|The ideal backup system would be totally independant of the primary battery. This
allows complete swtiching regardless where the primary system fails. And, your receiver
will need an extra servo slot available to make the backup battery connection. You can use
a "Y" harness if a servo slot isn't available.
Basically, you are installing two complete battery packs in your airplane. This would include 2 batteries, 2 charging jacks, and 2 on/off switches. They are isolated by a diode on the backup side. The diode does two jobs; first it separates the batteries and second it sets a voltage level to kick in. A silicone diode has a voltage drop of .7 volt. Therefore the backup battery won't kick in until either the primary battery looses connection or, the primary battery voltage drops equal or below the backup battery voltage.
The backup battery doesn't need to be as big as the primary battery IE: AMP capacity. Typically, the backup is around 500 to 700 Mah. This is more than enough power to get your plane home safely. You could run the system without the diode, but I wouldn't suggest it mainly because you're simply connecting the batteries is "PARALLEL" with separate on/off switches. That's not necessarily a bad thing but you are using both batteries for "normal" flight. The use of a diode (similar to a 1N4007) will "lock" out the backup battery until it's needed.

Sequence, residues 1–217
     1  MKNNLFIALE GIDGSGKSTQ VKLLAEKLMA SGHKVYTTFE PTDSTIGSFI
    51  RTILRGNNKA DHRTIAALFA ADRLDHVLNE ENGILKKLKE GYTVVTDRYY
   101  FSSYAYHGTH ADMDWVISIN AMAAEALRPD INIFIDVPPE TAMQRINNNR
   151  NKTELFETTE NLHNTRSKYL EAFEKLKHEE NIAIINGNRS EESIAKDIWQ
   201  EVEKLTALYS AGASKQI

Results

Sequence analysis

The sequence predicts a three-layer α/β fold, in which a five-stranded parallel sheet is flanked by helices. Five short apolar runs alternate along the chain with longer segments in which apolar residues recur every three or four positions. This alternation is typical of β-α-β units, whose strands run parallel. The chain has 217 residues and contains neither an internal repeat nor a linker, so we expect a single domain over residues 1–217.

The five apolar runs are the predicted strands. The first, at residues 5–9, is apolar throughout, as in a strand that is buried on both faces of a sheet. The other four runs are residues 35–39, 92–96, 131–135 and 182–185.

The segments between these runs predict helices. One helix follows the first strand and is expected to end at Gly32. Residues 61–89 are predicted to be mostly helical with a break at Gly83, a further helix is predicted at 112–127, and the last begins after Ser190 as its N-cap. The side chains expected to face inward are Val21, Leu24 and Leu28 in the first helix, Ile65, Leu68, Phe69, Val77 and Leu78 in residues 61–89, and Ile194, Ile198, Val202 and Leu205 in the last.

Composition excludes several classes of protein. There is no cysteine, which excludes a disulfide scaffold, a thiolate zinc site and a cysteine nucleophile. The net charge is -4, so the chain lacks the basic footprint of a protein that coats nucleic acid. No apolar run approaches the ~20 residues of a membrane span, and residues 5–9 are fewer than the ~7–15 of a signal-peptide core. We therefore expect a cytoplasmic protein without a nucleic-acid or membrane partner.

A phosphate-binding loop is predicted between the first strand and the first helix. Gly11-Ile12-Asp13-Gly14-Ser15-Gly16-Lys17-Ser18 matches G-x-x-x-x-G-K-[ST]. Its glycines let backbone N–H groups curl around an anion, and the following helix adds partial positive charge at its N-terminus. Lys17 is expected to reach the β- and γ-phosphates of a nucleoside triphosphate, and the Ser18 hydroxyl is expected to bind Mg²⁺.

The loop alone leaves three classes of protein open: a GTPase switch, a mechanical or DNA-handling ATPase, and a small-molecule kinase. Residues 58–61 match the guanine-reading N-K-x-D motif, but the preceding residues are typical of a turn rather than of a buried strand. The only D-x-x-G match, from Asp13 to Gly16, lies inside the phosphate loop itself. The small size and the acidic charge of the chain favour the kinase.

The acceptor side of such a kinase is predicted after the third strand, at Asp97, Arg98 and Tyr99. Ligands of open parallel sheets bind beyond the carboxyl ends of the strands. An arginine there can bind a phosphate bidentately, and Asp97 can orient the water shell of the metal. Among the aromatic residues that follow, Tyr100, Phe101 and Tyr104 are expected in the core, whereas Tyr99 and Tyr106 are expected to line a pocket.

Your OEM and most after-market on/off switches are mechanical and sensitive to vibration. Location and orientation is important. As a rule of thumb, the "on" side of your switch should be towards the rear of the airplane, and as far away as you can get it from the engine. A good place would be behind the cockpit or wing. Try to avoid the use of extensions.
This drawing illustrates some good locations for your switch(es). You'll notice the "ON" position is oriented towards the rear of the airplane.
Copyright © 2004 M. B. Fuess